Monday, March 3, 2014

The mystery of Emma

In this week's post, I note that the U.S. Social Security baby names database has an unusual amount of boys named Emma (21) born around 1900 (BTW, here's my IPython notebook with everything you need to reproduce this graph, all my posted graphs, and plenty of graphs you might want to see on your own)

I can't figure it out (other names show peaks around 1930 and 1980, and often the error rate is high when the name's popularity is low as it was for Emma around 1970, but seldom do you see a popular name with a high error rate before 1920), so I'm posting the data here. My first thought was bad OCR turning "rn" into "m" or a rash of particularly poor spellings of "Ezra", but these don't seem supported by the data. Unless there's another, similar name that doesn't begin with E or end with a? I can't think of one.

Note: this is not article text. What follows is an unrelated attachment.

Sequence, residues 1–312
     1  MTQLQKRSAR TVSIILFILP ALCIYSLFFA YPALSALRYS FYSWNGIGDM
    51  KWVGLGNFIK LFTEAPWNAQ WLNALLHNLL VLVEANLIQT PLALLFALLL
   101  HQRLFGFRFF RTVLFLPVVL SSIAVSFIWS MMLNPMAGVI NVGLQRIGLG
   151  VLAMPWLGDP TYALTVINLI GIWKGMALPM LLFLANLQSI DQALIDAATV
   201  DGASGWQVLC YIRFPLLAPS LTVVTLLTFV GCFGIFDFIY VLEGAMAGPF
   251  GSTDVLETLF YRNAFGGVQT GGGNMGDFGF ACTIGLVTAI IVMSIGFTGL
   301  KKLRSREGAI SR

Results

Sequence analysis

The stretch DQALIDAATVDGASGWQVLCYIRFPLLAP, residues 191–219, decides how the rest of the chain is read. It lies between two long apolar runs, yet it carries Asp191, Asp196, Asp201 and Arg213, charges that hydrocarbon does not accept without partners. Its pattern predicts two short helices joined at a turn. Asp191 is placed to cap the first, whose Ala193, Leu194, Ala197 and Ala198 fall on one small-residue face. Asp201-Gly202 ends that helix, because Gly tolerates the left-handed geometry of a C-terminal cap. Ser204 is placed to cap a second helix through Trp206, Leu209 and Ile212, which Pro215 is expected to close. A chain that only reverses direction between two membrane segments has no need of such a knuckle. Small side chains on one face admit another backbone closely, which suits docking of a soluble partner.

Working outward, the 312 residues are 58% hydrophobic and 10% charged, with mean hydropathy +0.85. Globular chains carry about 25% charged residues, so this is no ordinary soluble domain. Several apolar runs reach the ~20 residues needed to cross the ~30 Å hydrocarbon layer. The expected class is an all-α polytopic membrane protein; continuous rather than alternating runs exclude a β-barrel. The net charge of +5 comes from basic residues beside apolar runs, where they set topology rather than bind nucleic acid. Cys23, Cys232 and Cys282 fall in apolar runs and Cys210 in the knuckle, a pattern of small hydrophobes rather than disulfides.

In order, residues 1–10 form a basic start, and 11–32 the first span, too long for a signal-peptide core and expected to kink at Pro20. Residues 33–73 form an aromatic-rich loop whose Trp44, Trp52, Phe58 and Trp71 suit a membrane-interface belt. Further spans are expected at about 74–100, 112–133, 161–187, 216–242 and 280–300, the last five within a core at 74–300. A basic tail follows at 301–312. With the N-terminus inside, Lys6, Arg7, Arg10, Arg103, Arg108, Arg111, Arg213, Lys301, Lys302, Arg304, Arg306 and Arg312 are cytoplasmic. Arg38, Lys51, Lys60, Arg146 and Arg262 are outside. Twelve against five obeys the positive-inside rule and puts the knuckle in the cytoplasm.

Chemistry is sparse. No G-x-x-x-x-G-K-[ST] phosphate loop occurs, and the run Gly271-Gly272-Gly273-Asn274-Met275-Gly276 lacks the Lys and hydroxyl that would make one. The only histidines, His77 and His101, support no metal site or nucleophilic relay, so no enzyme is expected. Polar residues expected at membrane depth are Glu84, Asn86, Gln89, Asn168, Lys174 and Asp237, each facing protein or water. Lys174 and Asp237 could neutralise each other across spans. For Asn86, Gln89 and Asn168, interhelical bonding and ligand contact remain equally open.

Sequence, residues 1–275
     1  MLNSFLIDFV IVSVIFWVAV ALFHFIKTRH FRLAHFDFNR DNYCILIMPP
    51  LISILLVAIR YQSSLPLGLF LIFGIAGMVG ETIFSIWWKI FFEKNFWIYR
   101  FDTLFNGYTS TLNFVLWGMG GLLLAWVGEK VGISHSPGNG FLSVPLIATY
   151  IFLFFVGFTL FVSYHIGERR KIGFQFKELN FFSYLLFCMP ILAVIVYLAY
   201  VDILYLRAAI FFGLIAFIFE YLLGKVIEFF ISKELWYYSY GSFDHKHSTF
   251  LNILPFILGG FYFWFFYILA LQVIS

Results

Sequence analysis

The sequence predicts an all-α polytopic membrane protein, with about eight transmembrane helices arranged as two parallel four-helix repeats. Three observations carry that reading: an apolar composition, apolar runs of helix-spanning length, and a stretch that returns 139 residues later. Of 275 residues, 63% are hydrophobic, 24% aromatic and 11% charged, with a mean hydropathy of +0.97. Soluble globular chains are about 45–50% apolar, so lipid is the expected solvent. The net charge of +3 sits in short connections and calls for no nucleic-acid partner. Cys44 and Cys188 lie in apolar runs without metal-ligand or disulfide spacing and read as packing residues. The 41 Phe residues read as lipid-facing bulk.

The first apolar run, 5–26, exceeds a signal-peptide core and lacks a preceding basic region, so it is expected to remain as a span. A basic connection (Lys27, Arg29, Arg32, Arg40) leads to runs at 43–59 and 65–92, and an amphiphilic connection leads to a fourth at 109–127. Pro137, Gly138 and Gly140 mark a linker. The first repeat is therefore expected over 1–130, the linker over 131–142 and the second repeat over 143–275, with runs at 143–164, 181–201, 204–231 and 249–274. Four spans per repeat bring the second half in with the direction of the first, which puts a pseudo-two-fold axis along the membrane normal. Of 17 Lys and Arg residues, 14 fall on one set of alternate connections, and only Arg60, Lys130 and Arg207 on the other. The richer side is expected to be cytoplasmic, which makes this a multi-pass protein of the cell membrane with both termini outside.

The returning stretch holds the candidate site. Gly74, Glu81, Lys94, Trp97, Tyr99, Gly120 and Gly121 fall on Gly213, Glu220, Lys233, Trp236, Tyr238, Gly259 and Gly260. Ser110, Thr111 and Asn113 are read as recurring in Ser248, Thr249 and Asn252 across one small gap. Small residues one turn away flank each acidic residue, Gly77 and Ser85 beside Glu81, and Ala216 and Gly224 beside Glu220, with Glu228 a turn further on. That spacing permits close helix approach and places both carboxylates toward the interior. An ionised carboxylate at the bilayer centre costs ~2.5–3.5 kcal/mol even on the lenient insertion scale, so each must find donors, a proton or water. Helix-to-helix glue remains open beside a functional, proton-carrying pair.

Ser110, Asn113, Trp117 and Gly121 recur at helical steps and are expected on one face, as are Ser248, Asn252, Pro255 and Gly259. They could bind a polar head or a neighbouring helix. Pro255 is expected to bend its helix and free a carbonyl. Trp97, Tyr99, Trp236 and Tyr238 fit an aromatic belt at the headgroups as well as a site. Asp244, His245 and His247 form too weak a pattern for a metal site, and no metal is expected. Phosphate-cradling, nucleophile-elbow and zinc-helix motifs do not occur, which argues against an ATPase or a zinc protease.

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  1. Can you narrow it down to personal of the country, or some similar specific variable? Was there any sort of mechanical data entry/tabulation at that time?

  2. You make an excellent point, Muhanned. The original database is divided up by states, I'll see if these male Emmas cluster together, that could be quite informative. Another factor is that people born in 1900 were only entered into Social Security records in 1935, as adults; maybe there was some miscommunication when husbands went to the office to sign up their wives, and the clerk checked the "male" box about once every 200 times without thinking because there was a man standing in front of them? Seems plausible, but it's purely speculation on my part.

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